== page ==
Calling the suspension an “extraordinary decision taken in extraordinary circumstances”, Meta issued a press release on its website on Wednesday saying it would allow Trump to return to its platforms “in the coming weeks”.
“Social media is rooted in the belief that open debate and the free flow of ideas are important values, especially at a time when they are under threat in many places around the world,” Nick Clegg, Meta’s president of global affairs, wrote in the release.
The suspension was initially enacted on January 7, 2021, the day after Trump supporters stormed the US Capitol in an attempt to disrupt the certification of the 2020 presidential elections, which the Republican had lost to Democrat Joe Biden.
In one of his last messages on Facebook before his suspension, Trump continued to spread misinformation about the election results, repeating the falsehood that the vote had been marred by fraud.
He also used the platform to denounce his vice president, Mike Pence, who had been overseeing the vote certification.
“Mike Pence didn’t have the courage to do what should have been done to protect our Country and our Constitution, giving States a chance to certify a corrected set of facts, not the fraudulent or inaccurate ones which they were asked to previously certify,” Trump wrote at the time.
In Wednesday’s decision, Meta said it set out to “assess whether the serious risk to public safety that existed in January 2021 has sufficiently receded”, determining that it had.
Nevertheless, Meta said it would put “new guardrails in place to deter repeat offenses”. Among them are “heightened penalties” for repeat offenders, with further suspensions that could last anywhere from one month to two years.
It also pledged to limit the distribution of posts that may contribute “to the sort of risk that materialised on January 6”, during the Capitol attack, citing content that “delegitimises an upcoming election”.
Meta also “may temporarily restrict access to our advertising tools” in the case of repeated infractions. The company said these penalties would also apply to “other public figures whose accounts are reinstated from suspensions related to civil unrest”.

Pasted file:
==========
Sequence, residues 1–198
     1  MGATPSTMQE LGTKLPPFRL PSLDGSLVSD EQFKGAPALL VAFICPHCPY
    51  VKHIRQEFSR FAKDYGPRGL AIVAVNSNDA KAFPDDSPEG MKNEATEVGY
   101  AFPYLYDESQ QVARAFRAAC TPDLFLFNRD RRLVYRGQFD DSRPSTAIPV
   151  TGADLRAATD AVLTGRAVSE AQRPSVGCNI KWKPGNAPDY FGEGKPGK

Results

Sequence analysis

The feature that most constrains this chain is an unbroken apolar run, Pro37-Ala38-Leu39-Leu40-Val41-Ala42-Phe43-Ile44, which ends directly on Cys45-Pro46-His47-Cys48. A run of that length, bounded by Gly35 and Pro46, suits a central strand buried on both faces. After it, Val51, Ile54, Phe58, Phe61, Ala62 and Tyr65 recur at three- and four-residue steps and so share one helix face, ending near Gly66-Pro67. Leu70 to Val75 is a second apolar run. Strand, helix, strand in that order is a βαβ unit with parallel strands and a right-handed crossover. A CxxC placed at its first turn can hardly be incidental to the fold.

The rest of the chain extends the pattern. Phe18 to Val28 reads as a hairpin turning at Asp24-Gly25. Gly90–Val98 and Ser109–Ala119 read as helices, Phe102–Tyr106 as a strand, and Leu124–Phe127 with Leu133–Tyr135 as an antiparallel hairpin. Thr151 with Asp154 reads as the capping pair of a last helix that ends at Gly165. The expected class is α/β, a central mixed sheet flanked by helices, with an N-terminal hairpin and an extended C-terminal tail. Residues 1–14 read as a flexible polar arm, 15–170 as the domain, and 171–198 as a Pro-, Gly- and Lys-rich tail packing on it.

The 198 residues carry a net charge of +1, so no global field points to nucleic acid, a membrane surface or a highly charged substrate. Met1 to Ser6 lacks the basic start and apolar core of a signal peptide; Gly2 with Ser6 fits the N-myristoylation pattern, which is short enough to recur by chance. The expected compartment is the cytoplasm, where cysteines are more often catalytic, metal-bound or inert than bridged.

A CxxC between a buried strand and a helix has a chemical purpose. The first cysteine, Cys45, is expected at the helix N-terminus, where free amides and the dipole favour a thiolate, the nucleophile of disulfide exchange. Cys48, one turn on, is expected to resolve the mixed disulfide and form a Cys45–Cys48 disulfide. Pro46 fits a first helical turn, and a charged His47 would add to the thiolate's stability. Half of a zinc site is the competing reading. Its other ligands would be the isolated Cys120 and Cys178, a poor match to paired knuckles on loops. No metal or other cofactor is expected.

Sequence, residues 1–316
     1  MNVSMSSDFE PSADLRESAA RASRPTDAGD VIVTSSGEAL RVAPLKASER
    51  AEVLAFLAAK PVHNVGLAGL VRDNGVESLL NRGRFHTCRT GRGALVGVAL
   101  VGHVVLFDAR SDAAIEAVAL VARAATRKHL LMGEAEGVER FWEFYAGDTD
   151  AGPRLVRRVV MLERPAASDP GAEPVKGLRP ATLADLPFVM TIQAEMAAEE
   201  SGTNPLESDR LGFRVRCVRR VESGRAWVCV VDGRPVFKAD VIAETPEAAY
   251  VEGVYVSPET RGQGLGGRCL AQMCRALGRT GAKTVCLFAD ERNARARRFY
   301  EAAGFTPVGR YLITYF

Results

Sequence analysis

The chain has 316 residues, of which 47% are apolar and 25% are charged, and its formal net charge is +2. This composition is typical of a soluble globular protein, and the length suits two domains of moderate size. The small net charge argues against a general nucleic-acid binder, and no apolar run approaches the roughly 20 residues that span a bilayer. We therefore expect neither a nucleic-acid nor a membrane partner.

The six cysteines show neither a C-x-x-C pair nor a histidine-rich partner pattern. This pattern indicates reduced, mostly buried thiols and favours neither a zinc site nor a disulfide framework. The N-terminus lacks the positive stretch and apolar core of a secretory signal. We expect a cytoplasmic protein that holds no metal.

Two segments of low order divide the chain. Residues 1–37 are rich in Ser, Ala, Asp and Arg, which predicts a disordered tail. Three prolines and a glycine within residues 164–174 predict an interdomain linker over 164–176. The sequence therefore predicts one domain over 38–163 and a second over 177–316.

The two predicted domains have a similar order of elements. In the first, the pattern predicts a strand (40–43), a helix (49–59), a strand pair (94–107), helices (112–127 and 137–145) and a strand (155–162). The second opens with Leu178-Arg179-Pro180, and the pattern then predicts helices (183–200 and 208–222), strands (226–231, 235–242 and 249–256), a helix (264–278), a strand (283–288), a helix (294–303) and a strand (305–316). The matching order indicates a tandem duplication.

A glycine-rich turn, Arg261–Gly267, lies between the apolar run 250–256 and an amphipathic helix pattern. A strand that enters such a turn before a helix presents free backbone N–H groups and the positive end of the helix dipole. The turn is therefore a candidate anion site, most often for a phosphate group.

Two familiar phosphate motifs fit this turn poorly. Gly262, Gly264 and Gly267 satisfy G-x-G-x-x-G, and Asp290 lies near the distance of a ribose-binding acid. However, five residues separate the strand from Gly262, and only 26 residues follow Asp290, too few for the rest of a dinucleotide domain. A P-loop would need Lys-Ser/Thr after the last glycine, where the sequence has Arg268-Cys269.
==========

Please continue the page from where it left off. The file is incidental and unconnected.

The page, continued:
The company has faced criticism for not doing more to censor hate speech, misinformation and other violations of its content rules. In 2021, for instance, Rohingya refugees filed a lawsuit against the Facebook owner for its alleged role in promoting violence against the ethnic group in Myanmar.
Meta recently announced that it would remove “content that supports or praises” the storming of government buildings in Brazil on January 8 of this year, in another incident of far-right supporters attempting to overturn an election. That attack has been widely compared with the 2021 Capitol riot in the US.
But Meta’s attempts to curtail posts that feature misinformation, violence and other messaging that may violate platform rules have met stiff opposition from the highest levels of government around the world.
Figures like former Philippine President Rodrigo Duterte have denounced Meta’s removal of controversial accounts and materials, as have prominent US Republicans.
Trump founded his own social media company, Truth Social, in the wake of his removal from Meta and other social media companies.
On Wednesday, he posted on his Truth Social account about his reinstatement to Facebook and Instagram, saying: “Such a thing should never again happen to a sitting President, or anybody else who is not deserving of retribution!”
Earlier this month, lawyers for the former president had sent a letter to Mark Zuckerberg, the chief executive officer of Meta, requesting his reinstatement. Trump announced in November that he plans to run for a second term as president in 2024.
That same month, Trump was reinstated to the social media platform Twitter after new owner Elon Musk held an online poll about whether to bring the ex-president back.